The NBN asbestos meltdown blown out of proportion

The asbestos blame game has diverted attention from the growing realisation that there is a solution to the NBN Co's rollout blues - Telstra. In fact, giving Telstra a bigger piece of the network build work could be the sweetener that helps Turnbull get his hands on the copper.

The rollout of the NBN so far has been an object lesson in how not to run an infrastructure project, big or small. But the histrionics around asbestos and the attempt to somehow level all culpability at the feet of NBN Co beggars belief.

NBN Co may have ticked a lot of wrong boxes but it’s hard to imagine that the asbestos in Telstra’s underground pits would have been treated as an afterthought. 

As NBN Co boss Mike Quigley pointed out in the Senate estimates hearing last night, both Telstra and NBN Co were aware of the risks from the get-go and had procedures in place.

The revelations Visionstream and Service Stream workers were disposing the asbestos in a careless manner have naturally been followed up by rush to assign blame. 'It’s NBN Co’s fault', 'no it’s Telstra’s fault', then again, maybe the contractors should be more vigilant about the disposal of asbestos.

The fascination with asbestos is understandable, given the tragic legacy of the material and the well-documented pursuit of building products maker James Hardie to atone for its sins.

However, the focus on asbestos has effectively managed to drown out most other discussions on the NBN this week.

One such interesting piece of news was The Australian Financial Review’s reveal of Telstra’s dealings with NBN Co to help to accelerate the NBN rollout. According to the report, Telstra approached NBN Co a year or so ago and offered to complete the planning and design phases of the construction process in five sub-regions, known as FSAMs (fibre serving area modules).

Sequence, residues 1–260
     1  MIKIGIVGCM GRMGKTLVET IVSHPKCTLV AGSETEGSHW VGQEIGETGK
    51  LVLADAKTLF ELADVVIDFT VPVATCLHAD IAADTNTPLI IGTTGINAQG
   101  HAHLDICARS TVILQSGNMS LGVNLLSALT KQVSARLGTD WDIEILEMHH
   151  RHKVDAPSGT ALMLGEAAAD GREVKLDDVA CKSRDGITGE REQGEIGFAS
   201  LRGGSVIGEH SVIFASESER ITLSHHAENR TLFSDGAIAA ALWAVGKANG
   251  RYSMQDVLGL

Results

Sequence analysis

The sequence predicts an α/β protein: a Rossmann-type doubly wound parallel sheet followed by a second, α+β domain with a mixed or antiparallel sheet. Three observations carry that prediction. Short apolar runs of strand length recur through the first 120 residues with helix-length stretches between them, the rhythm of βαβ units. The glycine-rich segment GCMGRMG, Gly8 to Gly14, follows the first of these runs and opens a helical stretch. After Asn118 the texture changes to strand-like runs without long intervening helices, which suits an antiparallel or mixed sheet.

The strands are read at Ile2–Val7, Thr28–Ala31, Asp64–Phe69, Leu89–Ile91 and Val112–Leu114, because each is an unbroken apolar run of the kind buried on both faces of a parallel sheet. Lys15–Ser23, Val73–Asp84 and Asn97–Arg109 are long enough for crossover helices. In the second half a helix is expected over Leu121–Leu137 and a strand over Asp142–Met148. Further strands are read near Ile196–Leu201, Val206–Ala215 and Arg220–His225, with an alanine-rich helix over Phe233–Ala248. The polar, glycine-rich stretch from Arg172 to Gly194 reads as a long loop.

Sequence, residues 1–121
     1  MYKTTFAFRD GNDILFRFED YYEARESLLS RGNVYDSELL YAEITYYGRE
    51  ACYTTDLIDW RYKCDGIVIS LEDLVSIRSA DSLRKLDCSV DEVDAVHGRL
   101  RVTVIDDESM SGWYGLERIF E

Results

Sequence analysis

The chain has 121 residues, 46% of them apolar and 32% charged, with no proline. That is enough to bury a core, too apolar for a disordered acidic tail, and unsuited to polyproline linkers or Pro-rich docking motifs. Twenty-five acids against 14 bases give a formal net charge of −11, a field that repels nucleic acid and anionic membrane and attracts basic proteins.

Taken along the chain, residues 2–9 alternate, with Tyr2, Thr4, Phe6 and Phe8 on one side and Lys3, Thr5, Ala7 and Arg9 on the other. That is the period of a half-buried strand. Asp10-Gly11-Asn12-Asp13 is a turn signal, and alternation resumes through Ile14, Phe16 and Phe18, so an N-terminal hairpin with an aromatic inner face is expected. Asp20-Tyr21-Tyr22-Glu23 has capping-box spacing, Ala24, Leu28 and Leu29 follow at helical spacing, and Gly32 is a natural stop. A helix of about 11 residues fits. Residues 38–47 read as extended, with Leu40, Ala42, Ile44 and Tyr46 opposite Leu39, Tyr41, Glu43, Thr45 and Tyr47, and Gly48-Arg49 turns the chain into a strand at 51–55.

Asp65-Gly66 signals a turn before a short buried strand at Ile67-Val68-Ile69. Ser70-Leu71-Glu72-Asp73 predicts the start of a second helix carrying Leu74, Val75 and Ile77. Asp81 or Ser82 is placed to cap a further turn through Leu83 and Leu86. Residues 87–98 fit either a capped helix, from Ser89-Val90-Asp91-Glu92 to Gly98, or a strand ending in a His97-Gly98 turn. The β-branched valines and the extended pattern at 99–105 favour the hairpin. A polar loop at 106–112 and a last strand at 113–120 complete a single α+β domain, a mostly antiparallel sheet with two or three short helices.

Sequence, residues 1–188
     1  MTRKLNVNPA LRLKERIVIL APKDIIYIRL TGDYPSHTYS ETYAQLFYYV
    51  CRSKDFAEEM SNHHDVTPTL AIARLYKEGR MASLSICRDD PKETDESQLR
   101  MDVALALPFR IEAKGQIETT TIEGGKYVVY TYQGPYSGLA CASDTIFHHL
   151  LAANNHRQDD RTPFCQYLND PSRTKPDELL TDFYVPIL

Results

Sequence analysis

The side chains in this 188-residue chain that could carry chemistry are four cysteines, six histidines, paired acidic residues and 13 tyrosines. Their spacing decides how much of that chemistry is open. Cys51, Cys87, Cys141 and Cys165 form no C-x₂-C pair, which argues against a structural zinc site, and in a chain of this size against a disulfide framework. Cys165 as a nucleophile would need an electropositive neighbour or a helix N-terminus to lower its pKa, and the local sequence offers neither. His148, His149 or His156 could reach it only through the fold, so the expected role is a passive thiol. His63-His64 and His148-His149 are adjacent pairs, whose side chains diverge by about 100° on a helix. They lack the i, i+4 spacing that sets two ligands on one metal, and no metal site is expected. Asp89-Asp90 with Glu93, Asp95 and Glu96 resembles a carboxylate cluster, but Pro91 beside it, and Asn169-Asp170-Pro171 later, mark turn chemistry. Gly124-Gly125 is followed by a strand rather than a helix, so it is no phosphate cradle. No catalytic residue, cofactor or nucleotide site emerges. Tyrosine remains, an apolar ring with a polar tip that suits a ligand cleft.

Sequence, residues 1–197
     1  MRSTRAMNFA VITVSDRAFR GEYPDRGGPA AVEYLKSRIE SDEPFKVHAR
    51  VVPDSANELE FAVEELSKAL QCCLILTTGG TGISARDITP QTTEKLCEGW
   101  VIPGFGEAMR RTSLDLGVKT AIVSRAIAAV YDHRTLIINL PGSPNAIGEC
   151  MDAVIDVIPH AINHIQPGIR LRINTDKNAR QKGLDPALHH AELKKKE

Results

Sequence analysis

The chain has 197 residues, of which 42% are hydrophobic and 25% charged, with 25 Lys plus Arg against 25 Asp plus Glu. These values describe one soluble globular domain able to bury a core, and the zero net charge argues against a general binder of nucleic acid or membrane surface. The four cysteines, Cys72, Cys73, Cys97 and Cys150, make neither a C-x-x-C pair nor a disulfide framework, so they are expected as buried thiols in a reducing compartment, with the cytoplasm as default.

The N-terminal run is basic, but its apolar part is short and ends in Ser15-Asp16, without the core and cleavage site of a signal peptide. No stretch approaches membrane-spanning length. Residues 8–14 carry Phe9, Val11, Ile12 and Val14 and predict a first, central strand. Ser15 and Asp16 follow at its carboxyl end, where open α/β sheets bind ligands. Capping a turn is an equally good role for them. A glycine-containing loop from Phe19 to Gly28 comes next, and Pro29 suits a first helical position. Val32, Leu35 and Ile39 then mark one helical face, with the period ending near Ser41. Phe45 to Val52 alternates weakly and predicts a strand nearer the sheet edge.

Of course Telstra wasn’t doing this out of the goodness of its heart. A slow rollout ostensibly threatened its NBN windfall.

As it turns out, NBN Co wasn’t too keen on the idea and needed a fair bit of convincing before giving its approval. While some have highlighted this as another sign of an anti-Telstra bias at NBN Co, the real hurdle was simply the price.

Telstra did manage to get the job done in the five FSAMs (minus the installation of the fibre) in four weeks, in what is a formidable display of its construction capabilities.

NBN Co’s grudging and belated acceptance to Telstra’s offer may have hurt its rollout target, but there’s precious little that can be done about that.

However, it does provide a clue to what lies in store if and when the Coalition comes to power.

Telstra has never made a secret of its desire to play a more hands-on role in the rollout of the fibre. The construction revenues garnered would be the icing to the substantial disconnection payments. And there is a good chance that its wish could come true post-election.

While the renegotiations with Telstra seen as a major hurdle to the speedy deployment of the Coalition’s fibre-to-the-node model, the prospect of Telstra getting deeply involved in the NBN build-out process now seems far more certain.

As RMIT’s Mark Gregory has pointed out, if the construction of the network has to be outsourced NBN Co should look to use every resource available – including Telstra.

“It has the most experience at managing rollouts, it has expertise and the manpower, so why not use Telstra?”

Why not indeed, and as far as Malcolm Turnbull is concerned this is exactly the sort of deal making that will persuade Telstra to relinquish its copper as quickly as possible.

There is a good chance that there will be a trade-off where in return for its copper the Coalition will give Telstra a substantial chunk of the network build work.

The desire has always been there within Telstra and Turnbull should be willing to give the telco what it wants. The construction revenue will be a perfect icing on the NBN cake for Telstra but the big question is whether it’s better able to cope with the civil construction issues that have so far plagued NBN Co.

Well, its swift reaction to the asbestos issue gives us some indication of its ability to mobilise quickly when needed. And given Telstra’s long history of dealing with construction companies many would argue that it’s perhaps better equipped to keep them in line than NBN Co.

Any political imperative to prevent Telstra from rolling out the NBN will be removed with a Coalition win in September. As for the price, well, that’s where things will get interesting. 

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